negative comments on revolving restaurants 1988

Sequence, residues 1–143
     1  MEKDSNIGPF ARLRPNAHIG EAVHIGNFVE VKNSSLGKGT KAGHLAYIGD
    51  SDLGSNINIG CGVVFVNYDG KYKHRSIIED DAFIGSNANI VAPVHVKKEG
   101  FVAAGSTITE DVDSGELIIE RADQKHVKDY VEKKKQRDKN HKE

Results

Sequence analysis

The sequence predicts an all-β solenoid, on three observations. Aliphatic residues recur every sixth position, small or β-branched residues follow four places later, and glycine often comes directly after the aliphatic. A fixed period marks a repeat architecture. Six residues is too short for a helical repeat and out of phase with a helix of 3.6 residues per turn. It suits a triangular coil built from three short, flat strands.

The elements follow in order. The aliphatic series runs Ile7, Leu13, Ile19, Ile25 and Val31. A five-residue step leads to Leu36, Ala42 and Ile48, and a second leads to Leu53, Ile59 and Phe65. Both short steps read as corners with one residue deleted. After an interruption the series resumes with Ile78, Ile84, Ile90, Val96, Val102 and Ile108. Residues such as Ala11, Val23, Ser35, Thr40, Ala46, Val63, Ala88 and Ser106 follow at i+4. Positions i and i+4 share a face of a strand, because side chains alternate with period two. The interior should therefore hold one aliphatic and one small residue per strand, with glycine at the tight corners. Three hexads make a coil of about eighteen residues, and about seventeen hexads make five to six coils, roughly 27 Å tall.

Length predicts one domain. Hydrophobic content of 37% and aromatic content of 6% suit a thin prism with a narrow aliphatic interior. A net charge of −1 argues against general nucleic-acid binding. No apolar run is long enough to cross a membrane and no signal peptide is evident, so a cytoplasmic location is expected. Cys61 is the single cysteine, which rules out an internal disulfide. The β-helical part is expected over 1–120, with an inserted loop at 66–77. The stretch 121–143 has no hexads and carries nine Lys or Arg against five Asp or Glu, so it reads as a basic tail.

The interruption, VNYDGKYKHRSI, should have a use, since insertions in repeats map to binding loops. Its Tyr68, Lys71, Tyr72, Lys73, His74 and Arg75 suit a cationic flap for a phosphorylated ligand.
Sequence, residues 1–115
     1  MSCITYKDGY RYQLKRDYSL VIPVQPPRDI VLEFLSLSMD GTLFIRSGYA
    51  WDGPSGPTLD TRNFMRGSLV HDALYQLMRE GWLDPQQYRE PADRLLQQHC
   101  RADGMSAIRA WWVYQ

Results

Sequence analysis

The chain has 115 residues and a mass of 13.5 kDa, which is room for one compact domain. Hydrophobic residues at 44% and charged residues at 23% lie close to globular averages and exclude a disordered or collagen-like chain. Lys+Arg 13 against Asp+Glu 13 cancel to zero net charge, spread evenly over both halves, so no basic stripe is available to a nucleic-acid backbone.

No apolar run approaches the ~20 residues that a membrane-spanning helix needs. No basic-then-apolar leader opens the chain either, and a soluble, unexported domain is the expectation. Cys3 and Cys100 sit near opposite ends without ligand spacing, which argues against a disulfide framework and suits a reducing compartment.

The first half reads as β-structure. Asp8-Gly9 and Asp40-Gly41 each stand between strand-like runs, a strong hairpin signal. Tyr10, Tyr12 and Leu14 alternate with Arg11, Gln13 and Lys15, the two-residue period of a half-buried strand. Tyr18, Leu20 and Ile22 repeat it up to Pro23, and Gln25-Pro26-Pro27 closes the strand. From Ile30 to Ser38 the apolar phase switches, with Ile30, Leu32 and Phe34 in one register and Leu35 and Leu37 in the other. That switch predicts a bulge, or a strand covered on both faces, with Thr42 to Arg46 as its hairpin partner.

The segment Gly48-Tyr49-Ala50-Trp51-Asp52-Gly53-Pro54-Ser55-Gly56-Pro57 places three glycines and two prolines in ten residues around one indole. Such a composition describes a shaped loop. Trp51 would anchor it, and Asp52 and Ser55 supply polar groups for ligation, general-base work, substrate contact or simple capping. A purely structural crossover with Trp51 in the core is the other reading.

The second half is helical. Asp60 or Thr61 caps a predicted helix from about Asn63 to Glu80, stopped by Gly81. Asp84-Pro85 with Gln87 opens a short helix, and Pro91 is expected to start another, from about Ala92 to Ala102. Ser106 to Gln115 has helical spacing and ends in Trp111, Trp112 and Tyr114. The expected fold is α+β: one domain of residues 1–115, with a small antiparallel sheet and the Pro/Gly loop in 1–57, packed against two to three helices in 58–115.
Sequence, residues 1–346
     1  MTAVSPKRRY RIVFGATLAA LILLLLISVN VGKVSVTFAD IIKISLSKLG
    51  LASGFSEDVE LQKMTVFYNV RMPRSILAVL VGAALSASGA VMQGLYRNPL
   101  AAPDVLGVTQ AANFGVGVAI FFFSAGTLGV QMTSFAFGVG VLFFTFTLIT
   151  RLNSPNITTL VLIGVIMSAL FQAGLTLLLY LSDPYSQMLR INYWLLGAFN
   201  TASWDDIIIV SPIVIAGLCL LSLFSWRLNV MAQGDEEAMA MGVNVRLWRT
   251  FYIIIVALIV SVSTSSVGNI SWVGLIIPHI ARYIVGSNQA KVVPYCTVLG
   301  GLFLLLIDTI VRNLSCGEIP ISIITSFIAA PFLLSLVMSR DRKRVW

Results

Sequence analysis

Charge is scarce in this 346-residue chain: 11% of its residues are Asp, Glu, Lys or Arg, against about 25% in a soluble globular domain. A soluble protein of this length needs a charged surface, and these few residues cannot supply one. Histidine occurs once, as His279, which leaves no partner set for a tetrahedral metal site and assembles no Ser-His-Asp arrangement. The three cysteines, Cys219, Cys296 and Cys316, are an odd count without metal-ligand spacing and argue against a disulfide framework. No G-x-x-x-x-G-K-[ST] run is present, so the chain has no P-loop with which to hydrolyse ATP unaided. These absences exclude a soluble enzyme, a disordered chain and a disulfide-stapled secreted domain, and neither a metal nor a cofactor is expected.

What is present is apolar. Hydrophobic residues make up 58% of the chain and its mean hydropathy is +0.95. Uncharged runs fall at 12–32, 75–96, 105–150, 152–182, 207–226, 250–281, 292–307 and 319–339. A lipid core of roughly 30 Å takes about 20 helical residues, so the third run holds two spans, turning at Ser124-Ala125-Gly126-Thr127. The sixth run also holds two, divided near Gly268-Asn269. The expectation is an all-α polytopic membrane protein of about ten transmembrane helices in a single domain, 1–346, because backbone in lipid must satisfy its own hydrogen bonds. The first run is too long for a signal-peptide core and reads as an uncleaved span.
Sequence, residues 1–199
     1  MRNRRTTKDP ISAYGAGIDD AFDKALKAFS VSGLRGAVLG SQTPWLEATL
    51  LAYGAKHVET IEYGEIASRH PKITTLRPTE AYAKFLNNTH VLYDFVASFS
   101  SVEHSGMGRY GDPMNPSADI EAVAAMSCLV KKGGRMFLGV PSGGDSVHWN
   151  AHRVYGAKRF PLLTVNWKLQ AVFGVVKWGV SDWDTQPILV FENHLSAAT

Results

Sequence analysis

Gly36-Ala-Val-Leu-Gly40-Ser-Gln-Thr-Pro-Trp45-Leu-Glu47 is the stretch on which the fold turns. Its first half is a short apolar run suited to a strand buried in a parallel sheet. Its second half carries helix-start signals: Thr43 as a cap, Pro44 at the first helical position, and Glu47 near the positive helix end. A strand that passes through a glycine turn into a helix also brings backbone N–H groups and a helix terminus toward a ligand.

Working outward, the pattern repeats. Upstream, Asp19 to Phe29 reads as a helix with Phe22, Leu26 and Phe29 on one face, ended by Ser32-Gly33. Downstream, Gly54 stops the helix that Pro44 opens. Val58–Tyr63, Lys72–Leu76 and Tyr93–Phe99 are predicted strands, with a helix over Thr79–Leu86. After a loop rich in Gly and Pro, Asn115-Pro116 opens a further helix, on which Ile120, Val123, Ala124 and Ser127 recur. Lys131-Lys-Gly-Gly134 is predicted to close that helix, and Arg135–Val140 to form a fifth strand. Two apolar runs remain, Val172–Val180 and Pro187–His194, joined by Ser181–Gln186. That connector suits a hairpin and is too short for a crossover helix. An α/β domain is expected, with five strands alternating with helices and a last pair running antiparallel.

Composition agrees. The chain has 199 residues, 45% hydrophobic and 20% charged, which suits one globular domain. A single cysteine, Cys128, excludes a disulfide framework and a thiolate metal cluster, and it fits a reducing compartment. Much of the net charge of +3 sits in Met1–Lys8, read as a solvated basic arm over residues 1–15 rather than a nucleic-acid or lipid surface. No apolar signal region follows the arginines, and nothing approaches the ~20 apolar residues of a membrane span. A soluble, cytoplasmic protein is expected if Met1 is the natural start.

Monday, March 28, 1 988 Newi Journal, Mansfield, O. Opinionanalysis 5-a Do we really need more revolving restaurants? One of the things I always make a point of doing when I'm traveling is to read the local letters-to-the-editor in the towns I pass through. It gives you a pretty good idea of what's on people's minds. So I was in a prosperous Midwestern city with a population somewhere between medium and large and I noticed a letter-to-the-editor from a person who apparently had grown up in that city and had moved to a smaller town. The letter-writer's name was Pat Narike, who recently had visited the bigger city. This is what Narike had to say: "With the changing skyline, I have mixed emotions about the downtown area from what I remember from over 23 years ago. One thing I have noticed is that not one of the tall buildings downtown have revolving restaurants at the top! When I lived in Los Angeles, I dined at every one they have, and what a treat it was to dine while looking at the lovely views during the dark evening hours. C'mon ... how about a revolving restaurant on top of one of the skyscrapers coming up?" This Narike did not seem to be kidding. I couldn't believe the letter. As I say, reading letters-to-the-editor is a good way to keep up with national trends but I refuse to believe that there is a groundswell of support around America for rooftop revolving restaurants. Pat Narike must be a freak case. Have you ever dined in a revolving restaurant? Granted, with world hunger, rampant crime and the possibility of nuclear warfare, the presence of revolving restaurants is hardly the most pressing issue to face our country. But the introduction of the revolving restaurant is one of the Greene fffi most annoying things all right, one of the most annoying minor things that has happened to American life during this century. I'm no expert on architecture, but it seems to me that construction of revolving restaurants peaked between the mid-'60s and the mid-' 70s. The first time I ate in one, I did not know in advance that the restaurant revolved. So I thought that I had a mild headache and was undergoing a dizzy spell, until my dinner companion pointed out to me how interesting it was that the restaurant revolved. Like a fool, I tried to finish the meal. I became more and more disoriented. By the time I staggered out of the restaurant, I knew I had to speak with the manager about it. "No one gets dizzy up here," he insisted. "The restaurant revolves so slowly that you hardly notice it. And during the course of your meal, you get to have a panoramic view of the entire city." In the years since, I have learned to expect that response from managers of revolving restaurants. They can't be expected to say, "Yeah, you're right eating in our restaurant is a nauseating experience." So they give you the company line: The restaurant turns at such a gradual speed that it can't possibly affect you. I'm sure there are, indeed, some people who can sit through a meal in a revolving restaurant and not be bothered. But I know for a fact that there are many of us who don't want to be whirled around while we're eating no matter what the rate of speed of the whirling. I have this memory of being on the road covering a story. The hotel, as I recall, had a restaurant on the top floor, and I went there for dinner. Midway through my meal I noticed Carl Stern the legal affairs correspondent for NBC News, who must have been there to cover the same story making his way out of the restaurant, his face pale and beads of perspiration on his forehead. I knew what had happened: The revolving restaurant had got to him, too. (In case I'm wrong about this, Mr. Stern is welcome to reply. Maybe he just ate a bad piece of perch.) The interesting thing is that revolving restaurants are almost invariably constructed in places where there is absolutely no need for a revolving restaurant. I am on record as being fond of Detroit but there is a revolving restaurant atop the Renaissance Center, and I have to say that I could get through a meal or a round of drinks just fine without taking in the view of Detroit at night. The highlight is when your table passes a certain point, and you can say, "Look, there's Windsor!" as you gaze across the water at Canada. Such a thrill is not worth the motion sickness. And if you think diners hate revolving restaurants, you should talk to the waiters and waitresses. In many revolving restaurants, the core of the structure does not move just the outer ring where most of the tables are. So the waiter goes to the kitchen in the core to pick up the customers' order only to find that the custom ers' table is not where it was a few minutes before. Waiters and waitresses who work in revolving restaurants deserve double tips. How did we get onto this? Oh. Right. Pat Narike, the person who wrote the letter-to-the-editor asking for more revolving restaurants. Nice letter, Pat but if this is really important to you, why don't you just hold your plate in your hand while standing in your own living room and keep turning around in circles as you eat? You'll get the physical sensation you are seeking, and spare the rest of us some very bad mealtime experiences. (c) 19M Ttw Chicago Tribune TWIN TOfAfF FILM DEVELOPING! 12 EXP. BOLL SO QQ 24 PRINTS 15 EXP. DISC A qq 30 PRINTS 24 EXP. ROLL $C QQ M PRINTS VU.S 36 EXP. ROLL $Q QQ 72 PRINTS 1 COLO fOCtWOMLYLIFT roKOCVfiora emu" Colon C.filfiATF mnrupjicTF (Q I W ( rm i mm REGULAR-9 02. TUBE; GEL-12 02. TUBE OH TARTAR CONTROL REGULAR-B.1 02. TUBE m B mM GILLETTE ATRA, mTM ATRA PI IK Un ItlAL II CARTRIDGES VM PACKAGE OF 5 z crux!